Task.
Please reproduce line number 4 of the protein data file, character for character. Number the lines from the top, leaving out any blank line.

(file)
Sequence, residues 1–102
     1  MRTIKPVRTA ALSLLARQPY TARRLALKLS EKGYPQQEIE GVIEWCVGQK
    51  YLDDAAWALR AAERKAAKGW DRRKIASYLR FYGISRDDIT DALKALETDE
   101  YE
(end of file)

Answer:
   101  YE